Snow Geese by Jonathan Stoke
Saturday morning I met up with Canyon County birders, my father-in-law Lynn Davenport and Cheryl Huizinga, at the Fort Boise Wildlife Management Area. Located at the confluence of the Boise River and the Snake River one could expect a confluence of birds in such a riparian area in the midst of the southwestern Idaho desert. Fort Boise WMA is one of the best places I know of to watch the spring migration of Snow Geese in all of its glorious abundance. Though seemingly early in the year, Saturday morning presented a Snow Goose spectacular!
The deafening majesity of wingbeats and honking is just one of those things that everyone should experience in life, birder or not. We stood on the edge of the road in wonder and awe as the flock of 2000+ Snow Geese circled and landed in nearby ponds, only to lift up into the air again. In the coming weeks the numbers could soar upwards of 10,000 Snow Geese. The light of the late morning was amazing as it reflected off the white bodies. We had a blast picking out dark morphs, along with Greater White-fronted Geese and a handful of Ross's Geese in the mix (Just try to effectively point out to another birder a single Ross's Goose in the middle of a huge flock of Snow Geese circling overhead! We must have looked like the Three Stooges.)...and that wasn't even the reason we met up at Fort Boise WMA.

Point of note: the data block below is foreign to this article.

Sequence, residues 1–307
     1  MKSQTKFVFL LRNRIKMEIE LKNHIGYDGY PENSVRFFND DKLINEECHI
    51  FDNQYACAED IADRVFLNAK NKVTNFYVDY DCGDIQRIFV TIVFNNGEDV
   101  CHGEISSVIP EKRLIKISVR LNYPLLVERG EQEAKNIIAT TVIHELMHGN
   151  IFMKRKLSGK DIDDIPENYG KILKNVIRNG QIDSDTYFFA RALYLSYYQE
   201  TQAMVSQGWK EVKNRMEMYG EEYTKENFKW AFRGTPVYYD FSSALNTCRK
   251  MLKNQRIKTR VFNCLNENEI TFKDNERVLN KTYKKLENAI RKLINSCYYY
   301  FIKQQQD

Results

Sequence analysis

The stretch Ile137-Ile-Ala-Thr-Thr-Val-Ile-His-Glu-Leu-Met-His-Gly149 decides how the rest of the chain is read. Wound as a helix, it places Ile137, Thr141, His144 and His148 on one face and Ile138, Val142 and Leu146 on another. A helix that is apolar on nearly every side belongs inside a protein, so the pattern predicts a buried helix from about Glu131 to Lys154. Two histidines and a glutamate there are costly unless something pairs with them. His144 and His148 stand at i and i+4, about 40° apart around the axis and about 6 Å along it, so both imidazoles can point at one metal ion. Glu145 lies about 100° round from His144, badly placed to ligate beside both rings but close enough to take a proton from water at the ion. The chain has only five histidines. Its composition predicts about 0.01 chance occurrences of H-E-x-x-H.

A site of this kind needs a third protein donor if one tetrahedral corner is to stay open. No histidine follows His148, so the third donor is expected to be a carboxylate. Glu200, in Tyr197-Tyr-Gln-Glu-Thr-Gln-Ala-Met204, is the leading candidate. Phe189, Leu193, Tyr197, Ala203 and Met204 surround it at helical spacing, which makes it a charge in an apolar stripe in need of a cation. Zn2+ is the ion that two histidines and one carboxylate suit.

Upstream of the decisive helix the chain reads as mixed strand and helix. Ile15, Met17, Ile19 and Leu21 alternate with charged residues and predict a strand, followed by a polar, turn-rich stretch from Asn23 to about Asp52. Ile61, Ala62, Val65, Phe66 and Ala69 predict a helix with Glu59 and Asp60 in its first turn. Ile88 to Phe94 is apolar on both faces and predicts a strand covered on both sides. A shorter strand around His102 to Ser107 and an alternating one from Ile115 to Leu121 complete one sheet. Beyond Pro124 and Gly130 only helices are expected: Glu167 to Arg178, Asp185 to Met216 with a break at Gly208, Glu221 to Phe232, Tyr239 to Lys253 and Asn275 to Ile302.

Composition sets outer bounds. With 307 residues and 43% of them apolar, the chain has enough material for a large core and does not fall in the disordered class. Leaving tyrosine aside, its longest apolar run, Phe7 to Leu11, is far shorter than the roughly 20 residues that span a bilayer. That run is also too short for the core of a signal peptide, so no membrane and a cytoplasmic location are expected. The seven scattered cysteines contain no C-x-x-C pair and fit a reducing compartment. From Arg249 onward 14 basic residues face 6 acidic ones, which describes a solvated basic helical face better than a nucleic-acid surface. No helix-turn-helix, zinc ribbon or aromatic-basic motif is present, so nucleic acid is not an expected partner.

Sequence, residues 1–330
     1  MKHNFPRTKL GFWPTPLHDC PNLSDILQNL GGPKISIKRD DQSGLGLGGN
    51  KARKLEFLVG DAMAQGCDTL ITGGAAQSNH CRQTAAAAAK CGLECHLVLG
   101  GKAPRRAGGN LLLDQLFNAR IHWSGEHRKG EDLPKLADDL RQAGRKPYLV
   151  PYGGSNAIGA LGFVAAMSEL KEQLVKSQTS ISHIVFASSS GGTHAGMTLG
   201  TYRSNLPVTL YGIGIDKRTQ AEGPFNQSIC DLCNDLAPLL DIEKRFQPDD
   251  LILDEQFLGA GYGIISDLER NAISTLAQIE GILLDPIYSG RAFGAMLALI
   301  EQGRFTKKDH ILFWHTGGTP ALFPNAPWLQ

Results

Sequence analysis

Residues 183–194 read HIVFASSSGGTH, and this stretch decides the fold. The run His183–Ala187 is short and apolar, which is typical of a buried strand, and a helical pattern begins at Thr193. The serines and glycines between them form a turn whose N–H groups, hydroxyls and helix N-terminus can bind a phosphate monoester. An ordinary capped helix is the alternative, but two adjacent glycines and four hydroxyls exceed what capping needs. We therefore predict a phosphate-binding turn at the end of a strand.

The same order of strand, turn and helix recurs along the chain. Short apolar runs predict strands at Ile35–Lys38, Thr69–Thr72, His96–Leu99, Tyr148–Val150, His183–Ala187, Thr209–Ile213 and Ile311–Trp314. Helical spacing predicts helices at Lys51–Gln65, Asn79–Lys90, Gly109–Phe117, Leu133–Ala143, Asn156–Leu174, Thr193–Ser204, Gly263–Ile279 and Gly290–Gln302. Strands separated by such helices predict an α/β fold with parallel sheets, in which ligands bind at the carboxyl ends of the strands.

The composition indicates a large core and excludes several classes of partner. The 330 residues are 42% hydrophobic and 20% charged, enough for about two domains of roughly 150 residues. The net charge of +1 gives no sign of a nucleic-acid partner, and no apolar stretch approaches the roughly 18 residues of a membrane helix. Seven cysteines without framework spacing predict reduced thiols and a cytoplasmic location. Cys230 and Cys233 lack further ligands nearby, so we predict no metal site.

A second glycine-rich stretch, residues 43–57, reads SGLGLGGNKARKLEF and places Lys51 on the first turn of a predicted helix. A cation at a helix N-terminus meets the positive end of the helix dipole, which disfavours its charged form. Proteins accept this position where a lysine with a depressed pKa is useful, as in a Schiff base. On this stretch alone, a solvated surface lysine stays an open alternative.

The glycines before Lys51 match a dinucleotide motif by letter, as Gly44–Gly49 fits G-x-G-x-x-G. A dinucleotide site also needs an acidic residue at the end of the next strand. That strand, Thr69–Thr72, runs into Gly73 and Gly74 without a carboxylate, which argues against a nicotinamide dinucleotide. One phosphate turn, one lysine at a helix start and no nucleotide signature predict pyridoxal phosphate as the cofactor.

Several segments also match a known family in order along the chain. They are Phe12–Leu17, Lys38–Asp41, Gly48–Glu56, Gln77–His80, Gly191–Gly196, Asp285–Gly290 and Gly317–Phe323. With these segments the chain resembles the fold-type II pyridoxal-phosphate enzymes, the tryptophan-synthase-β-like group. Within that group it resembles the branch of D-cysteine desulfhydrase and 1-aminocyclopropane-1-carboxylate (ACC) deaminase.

Reported Bewick's Wrens took as to Fort Boise along with the potential Winter (Pacific) Wrens. Our initial efforts to find them didn't work, so we played their call using BirdJam to see if they were indeed in the area. Immediately we started hearing birds call back, so we tracked them down. Wouldn't you know it?! We found Song Sparrows imitating the Bewick's Wren calls, mocking us right to our faces! Oh well. The other 30 species we enjoyed, especially the Snow Geese bonanzan, made up for dipping on the wrens.